Assessment of oral health is particularly important for people of refugee and asylum seeker background, with reports, locally and internationally, indicating high levels of untreated caries or dental decay compared to the general host population.
A review specific to refugees reports that people are twice as likely to go for dental treatment when they are actively examined and referred by a physician.
Referral in Victoria
Refugees and asylum seekers are not to be placed on a general care wait list, but instead seen at the next available appointment.
Clients who are from a refugee or asylum seeker background are not required to pay for general, emergency, denture services at any public dental clinic.
Clients who are from a refugee or asylum seeker background are not required to pay for specialist services at the Royal Dental Hospital of Melbourne.
For dental emergencies, call the Royal Dental Hospital of Melbourne: 1300 360 054
Where to refer?
There are over 80 public dental services located in community health centres throughout metropolitan Melbourne and rural Victoria. Search for the nearest dental service to you and/or your client on the Dental Health Services Victoria website
How to refer?
When making a referral, it is helpful to inform your client about what to expect at a public dental clinic, including:
- Australian dental health system: specific information such as there might be a number of appointments required to complete a course of care (e.g. sometimes there is not intervention on the very first appointment)
- Entitlements: refugee and asylum seekers are entitled to priority group access and a fee waiver at public dental services in Victoria
- Appointments: even with priority group access, wait time for an appointment is often days to weeks (occasionally months depending on the demand at the public dental clinic)
- Free interpreter: clients are entitled to an interpreter and can inform the dental agency of their preference for who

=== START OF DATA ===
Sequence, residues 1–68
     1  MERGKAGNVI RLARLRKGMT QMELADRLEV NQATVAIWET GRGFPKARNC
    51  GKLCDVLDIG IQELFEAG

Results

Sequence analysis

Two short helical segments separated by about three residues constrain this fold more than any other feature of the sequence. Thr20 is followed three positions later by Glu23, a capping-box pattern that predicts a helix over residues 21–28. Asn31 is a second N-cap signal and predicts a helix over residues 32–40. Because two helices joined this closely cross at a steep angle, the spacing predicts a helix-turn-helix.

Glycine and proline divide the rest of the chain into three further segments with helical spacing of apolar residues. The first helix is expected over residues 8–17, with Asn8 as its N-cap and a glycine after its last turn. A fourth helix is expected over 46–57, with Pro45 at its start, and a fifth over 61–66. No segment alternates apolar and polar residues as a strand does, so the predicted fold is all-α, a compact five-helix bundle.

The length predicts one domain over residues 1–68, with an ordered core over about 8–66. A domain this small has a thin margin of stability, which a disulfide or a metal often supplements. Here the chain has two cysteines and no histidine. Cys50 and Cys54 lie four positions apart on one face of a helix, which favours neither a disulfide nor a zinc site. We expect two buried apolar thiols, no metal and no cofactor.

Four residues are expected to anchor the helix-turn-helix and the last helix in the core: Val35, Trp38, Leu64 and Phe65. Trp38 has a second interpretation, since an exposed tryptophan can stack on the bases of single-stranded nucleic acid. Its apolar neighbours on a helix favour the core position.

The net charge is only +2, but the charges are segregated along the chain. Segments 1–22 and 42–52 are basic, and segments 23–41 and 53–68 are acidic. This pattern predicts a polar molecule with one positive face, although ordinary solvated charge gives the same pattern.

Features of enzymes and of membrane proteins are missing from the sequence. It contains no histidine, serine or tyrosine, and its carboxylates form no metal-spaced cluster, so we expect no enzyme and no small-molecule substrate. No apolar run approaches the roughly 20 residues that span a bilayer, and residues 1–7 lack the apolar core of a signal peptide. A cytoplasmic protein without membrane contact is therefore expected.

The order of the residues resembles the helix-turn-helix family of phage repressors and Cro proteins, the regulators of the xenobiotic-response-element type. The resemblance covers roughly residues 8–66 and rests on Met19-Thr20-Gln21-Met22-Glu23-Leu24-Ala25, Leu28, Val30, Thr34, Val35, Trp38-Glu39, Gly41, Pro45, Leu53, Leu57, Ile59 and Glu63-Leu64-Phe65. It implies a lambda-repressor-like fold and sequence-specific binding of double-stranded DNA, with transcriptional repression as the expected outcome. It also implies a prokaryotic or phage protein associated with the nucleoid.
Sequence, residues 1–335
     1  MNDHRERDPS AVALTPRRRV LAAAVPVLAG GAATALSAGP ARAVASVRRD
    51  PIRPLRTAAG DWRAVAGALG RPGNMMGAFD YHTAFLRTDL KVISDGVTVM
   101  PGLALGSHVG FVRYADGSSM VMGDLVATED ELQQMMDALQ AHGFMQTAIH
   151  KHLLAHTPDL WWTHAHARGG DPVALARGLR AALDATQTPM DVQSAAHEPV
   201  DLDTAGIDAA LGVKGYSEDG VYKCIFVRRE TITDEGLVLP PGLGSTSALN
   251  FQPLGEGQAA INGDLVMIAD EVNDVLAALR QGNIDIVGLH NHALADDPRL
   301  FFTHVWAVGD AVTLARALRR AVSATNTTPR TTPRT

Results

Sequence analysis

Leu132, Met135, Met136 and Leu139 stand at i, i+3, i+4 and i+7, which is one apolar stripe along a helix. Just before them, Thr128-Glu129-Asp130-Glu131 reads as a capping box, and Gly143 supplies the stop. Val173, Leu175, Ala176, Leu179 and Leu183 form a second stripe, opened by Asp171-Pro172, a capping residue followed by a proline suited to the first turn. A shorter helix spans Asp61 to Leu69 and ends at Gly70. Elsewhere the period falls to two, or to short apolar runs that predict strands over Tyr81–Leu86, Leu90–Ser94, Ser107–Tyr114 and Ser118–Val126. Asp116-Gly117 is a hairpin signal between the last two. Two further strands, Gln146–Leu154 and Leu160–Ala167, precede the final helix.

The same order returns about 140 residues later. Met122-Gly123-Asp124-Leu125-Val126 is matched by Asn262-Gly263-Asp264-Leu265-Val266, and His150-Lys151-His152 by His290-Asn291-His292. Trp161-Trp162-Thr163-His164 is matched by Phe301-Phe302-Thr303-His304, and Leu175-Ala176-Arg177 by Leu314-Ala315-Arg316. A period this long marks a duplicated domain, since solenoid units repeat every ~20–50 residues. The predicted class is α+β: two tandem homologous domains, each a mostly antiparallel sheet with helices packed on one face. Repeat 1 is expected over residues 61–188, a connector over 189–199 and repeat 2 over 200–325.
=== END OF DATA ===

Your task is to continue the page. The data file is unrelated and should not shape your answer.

- Supporting documents: clients are encouraged to bring any evidence of asylum seeker status or refugee background with them to their appointment (e.g. paperwork from DIAC, referral from settlement services etc)
- Referral letter: the referring agency should provide a letter of referral for the client requiring oral health care, often faxed directly to the dental health clinic or through a refugee health nurse/team in your region.
GPs, refugee health nurses, refugee settlement staff, or other professionals are encouraged to provide letters of referrals to oral health services to promote effective and coordinated care. Your referral letter or telephone call to dental services should contain as much information as necessary to support an oral health assessment, including:
- Clinical and social risk factors that may affect oral health outcome (e.g. single-household, house-hold duties, work hours, infectious and chronic illnesses and other comorbidities, experiences with torture and trauma etc)
- Need for an interpreter, including language, dialect and other specific information about an interpreter according to the client’s preference.
- Urgency for treatment, state whether the need is urgent or not (urgent infers that a client is experiencing pain in their oral cavity (including gums, teeth, inability to function/chew)
For particular considerations please print the oral health factsheets:
- Factsheet 1: Identifying clients of refugee or asylum seeker background
- Factsheet 2: Working with refugee and asylum seeker clients